Tuesday, June 9, 2020


Erin Hillert
Marketing & Communications Manager
James River Association

James River Association Offers Virtual Experience to
See the James Like Never Before

For more than 40 years, the James River Association (JRA) has been working to restore the James River to full health. The organization was founded when a group of concerned citizens banded together in 1976 to restore and protect the river at a time when toxic chemical contamination led to the James being known as one of the most polluted waterways in America. JRA has grown over the last four decades to include watershed restoration, student education, advocacy, and community conservation efforts that have improved the overall health of the James from a grade of D- to a B- in JRA’s biennial State of the James report. This remarkable improvement garnered the river international recognition through winning the 2019 Thiess International Riverprize.

Despite this progress, JRA’s work is far from being done. One of the most effective ways to continue this progress is to help people envision and truly understand what has been lost in the degradation of the James River and what we stand to gain in achieving a Grade A James. Enter JRA’s new James River Virtual Reality Experience, created in part through funding from the National Park Service Chesapeake Bay Office.

In the span of just over three minutes, the Experience takes you underwater in the James, beginning with the pristine state of the river that existed before English settlers colonized Jamestown. The water is clear, the river is teaming with aquatic life, and grass beds are thriving and abundant. The video then advances to the mid-1970’s as the river turns brown, murky, and devoid of most organisms. It paints a vivid picture of a polluted and neglected James, and sets the stage for why it was so necessary to focus a concerted effort on restoring the James to a fully fishible, swimmable, and drinkable river for all. The video then transports the viewer to today’s river, much improved from the 1970s but still not back to its earlier pristine health, and ends with a call to action to help protect and connect people to the river by supporting JRA’s work.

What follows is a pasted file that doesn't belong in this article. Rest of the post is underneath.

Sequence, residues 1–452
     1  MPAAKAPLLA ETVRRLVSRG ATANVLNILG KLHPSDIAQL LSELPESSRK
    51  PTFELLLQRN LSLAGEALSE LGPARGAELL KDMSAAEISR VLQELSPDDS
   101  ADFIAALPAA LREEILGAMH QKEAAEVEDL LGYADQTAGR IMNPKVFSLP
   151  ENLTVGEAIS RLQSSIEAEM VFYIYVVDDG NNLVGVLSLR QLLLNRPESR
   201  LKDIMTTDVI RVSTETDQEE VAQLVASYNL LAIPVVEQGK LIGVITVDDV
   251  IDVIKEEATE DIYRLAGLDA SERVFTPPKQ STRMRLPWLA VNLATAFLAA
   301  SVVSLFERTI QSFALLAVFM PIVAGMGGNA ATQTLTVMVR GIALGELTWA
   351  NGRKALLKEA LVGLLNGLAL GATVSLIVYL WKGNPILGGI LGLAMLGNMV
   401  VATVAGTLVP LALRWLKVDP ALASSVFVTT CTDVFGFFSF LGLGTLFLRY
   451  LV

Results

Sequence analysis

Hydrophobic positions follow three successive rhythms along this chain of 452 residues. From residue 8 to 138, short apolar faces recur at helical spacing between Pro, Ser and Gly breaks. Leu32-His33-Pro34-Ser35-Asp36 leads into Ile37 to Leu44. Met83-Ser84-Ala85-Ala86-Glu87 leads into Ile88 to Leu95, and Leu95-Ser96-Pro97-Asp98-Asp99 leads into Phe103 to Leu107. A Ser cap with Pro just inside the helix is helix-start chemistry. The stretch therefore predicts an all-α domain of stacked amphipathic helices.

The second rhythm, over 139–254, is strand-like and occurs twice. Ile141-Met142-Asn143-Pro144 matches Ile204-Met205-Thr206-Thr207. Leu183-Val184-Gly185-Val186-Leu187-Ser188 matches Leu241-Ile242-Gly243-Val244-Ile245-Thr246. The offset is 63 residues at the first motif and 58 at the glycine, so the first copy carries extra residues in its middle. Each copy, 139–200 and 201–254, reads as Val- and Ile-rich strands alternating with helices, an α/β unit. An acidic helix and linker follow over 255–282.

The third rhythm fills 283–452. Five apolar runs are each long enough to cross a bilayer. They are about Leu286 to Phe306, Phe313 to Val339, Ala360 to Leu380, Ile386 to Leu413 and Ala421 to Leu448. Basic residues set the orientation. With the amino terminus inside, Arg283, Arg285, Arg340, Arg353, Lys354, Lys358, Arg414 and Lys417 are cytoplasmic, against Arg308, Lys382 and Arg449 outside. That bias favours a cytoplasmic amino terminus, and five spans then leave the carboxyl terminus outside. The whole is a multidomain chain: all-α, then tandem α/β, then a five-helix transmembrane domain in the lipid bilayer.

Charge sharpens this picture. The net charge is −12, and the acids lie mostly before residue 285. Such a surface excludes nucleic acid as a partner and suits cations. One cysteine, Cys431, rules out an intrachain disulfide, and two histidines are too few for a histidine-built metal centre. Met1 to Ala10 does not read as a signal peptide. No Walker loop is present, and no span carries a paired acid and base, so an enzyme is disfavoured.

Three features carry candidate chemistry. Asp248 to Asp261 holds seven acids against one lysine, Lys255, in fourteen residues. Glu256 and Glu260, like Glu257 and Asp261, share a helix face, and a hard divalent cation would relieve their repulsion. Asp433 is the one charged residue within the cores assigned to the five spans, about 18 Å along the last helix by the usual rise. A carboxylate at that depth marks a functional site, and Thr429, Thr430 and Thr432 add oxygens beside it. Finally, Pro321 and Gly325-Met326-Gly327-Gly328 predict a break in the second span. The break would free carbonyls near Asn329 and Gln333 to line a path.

As the first of its kind for a river, JRA created the virtual experience as a unique way to engage the public, provide an exciting resource for student education, and bring the James – and its full potential – to life.

Joseph Cathey, Founder of Capital Interactive, expresses his excitement for producing the video: “We knew we wanted to tell the story of the river, which meant lots of research – and animating it from the ground up using 3D software typically used on Hollywood films. In doing so, I think we were able to capture that sense of wonder and responsibility that comes along with viewing some of nature’s most incredible underwater scenes.”

On Wednesday, June 17, JRA is offering a limited-space webinar launch to unveil the James River VR Experience, as well as an overview of how and why the video was produced, featuring aforementioned Joseph Cathey. Attendees can sign up to join the webinar, receive a link to view the 360-degree 3D video, and be entered in a drawing to win a VR cardboard headset for an enhanced viewing experience. Winners will be announced during the webinar.

To view Science Museum of Virginia’s Rich Conti, Maymont’s Parke Richeson, and Secretary of Natural Resources Matthew Strickler trying the James River VR Experience for the first time, click here:

To view JRA’s 360 Scavenger Hunt, unveiled on Earth Day as part of JRA’s Virtual Classroom series, click here:

ABOUT THE JAMES RIVER ASSOCIATION: The James River Association is a member-supported nonprofit organization founded in 1976 to serve as a guardian and voice for the James River. Throughout the James River’s 10,000-square mile watershed, the James River Association works toward its vision of a fully healthy James River supporting thriving communities. The James River Association believes that “when you change the James, the James changes you”. With offices in Lynchburg, Richmond, Williamsburg, and Scottsville, the James River Association is committed to protecting the James River and connecting people to it. For more information visit